"The original Galaxy Gear depended almost totally on a mobile phone for its intelligence; sort of a mother ship and motor launch," he said. "The next generation put more intelligence into devices and some may never need to talk to phone."
While I understand what the analyst is saying, I disagree. Everyone already has a smartphone. Why tax your next wearable with redundant functions?
I have to chime in on this one. First, I will agree that a full-version of Android is overkill for wearables unless you want full smartphone features. However, Android is built around a kernel. You do not need to use everything. Second, Tizen will have absolutely no impact on the market unless other OEMs use it as well. I don't see this happening because OEMs don't want to use hardware or software platforms controller by other OEMs. Motorola, Nokia, and Intel all tried this in the past. This might still be a good solution for Samsung, but Samsung will have to do the heavy lifting to port apps over to Tizen or the RTOS. The rest of the industry is more likely to stick with Android if they want that level of functionality. Otherwise, any version of Linux or RTOS will suffice.
Also, Samsung is taking strategy decision to not bet on single horse in long run. By developing its own OS, it might be able to put some weightage in mobile software solution. The advantage of TIGEN that caught my attention is the battery life. If samsung would be able to enable longer battery life on wearable devices with software solutions then it will be a big lead over Andriod.
Also, Samsung is taking strategy decision to not bet on single horse in long run.
@Wilber, I totally agree with your opinion. I think this is the right strategy to adopt different OS rather than concentrating only on one OS. This move will give comfort to the developers who are working actively in developing the OS.
Ditto. The only time I do not have access to a real computer is when I am driving my car. I have no desire to app and drive at the same time.
Really? You take your laptop with when someone else is driving? Waiting for takeaway food? On a walk in the country? To the beach? On vacation? You'd have it with you if you were waiting at the doctors/hospital/dentist? Waiting while your partner tries on clothes? Waiting for your kids to finish football/ballet/music?
Do you never want to check stock prices? The weather? Bus times? The scores? The News? What other film that actor was in?
Why also carry a camera? A sat nav? An iPod? A radio? A pen and paper? An alarm clock? A calculator?
Does your feature phone have all the features you need? Can you set it to be in silent mode until a certain time, where upon it turns the sound back on automatically without you having to remember? I have an App for that.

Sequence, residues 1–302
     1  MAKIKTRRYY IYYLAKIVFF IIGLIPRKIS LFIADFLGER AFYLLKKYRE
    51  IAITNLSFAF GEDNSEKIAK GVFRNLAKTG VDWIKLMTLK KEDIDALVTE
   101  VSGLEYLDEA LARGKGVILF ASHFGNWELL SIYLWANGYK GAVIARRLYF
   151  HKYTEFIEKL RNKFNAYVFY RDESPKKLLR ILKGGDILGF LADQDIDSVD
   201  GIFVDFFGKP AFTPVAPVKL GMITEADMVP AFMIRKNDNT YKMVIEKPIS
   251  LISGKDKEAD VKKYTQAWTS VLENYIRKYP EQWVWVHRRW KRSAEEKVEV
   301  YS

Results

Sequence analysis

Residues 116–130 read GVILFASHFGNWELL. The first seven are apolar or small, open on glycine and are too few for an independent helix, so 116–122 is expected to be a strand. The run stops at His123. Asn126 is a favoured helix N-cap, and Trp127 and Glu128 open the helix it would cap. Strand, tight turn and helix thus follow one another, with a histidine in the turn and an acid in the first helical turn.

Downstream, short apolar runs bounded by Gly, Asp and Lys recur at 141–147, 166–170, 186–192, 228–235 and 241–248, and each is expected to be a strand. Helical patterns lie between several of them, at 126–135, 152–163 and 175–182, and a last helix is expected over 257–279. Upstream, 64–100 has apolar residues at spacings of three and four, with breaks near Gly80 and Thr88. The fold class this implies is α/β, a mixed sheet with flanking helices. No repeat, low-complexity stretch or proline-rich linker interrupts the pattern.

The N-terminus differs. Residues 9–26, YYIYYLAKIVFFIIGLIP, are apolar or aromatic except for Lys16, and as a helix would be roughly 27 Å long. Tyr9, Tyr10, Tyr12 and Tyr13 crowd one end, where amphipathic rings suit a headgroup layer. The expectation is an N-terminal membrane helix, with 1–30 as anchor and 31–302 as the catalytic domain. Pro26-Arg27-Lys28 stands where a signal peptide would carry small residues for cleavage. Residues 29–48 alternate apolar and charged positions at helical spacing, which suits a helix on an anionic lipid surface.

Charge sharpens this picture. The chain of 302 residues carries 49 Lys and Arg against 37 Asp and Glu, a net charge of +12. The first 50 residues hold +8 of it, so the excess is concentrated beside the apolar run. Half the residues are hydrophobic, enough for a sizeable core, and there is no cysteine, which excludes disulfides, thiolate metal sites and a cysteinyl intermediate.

A smartphone is one of those things that you think you don't need, but once you have one you wouldn't be without it.
Jack wrote: A smartphone is one of those things that you think you don't need, but once you have one you wouldn't be without it.
You could say the same thing about heroin.
Personally, I'm happiest when free of the myriad distractions offered by a smart phone. Like Cyrano de Bergerac, if I have a difficult problem to ponder I like to take a walk in the woods -- or the hills or by the shoreline -- free of all electronic devices. I do bring pen and paper to capture ideas.
If other people want smart phones, that's their choice. But as for me, I'm with Mr. Knightley from Emma: "If the Westons think it worth while to be at all this trouble for a few hours of noisy entertainment I have nothing to say against it, but that they shall not choose pleasures for me."
I think it's less about redundant function and more about not having to use your smartphone as a hub for uploading and reviewing. With simple OSes like Tizen and RTOS, wearables won't be capable of the exact same functions as a phone anyhow. The question is, do they need that capability or just a powerful processor that's capable of synthesizing information for a small range of applications.
I agree. When you have a powerful machine in your pocket, why don't you utilize it?
On one hand, I think what important is whether option is given to user. If I forget my smartphone, I will still want my wristband to function as a watch, or to collect my activity level until the storage it out.
On the other hands, low power consumption is crucial in any wearable device. if a more powerful processor is used, I'm afraid optimizing runtime becomes a challenge.
What are the engineering and design challenges in creating successful IoT devices? These devices are usually small, resource-constrained electronics designed to sense, collect, send, and/or interpret data. Some of the devices need to be smart enough to act upon data in real time, 24/7. Are the design challenges the same as with embedded systems, but with a little developer- and IT-skills added in? What do engineers need to know? Rick Merritt talks with two experts about the tools and best options for designing IoT devices in 2016. Specifically the guests will discuss sensors, security, and lessons from IoT deployments.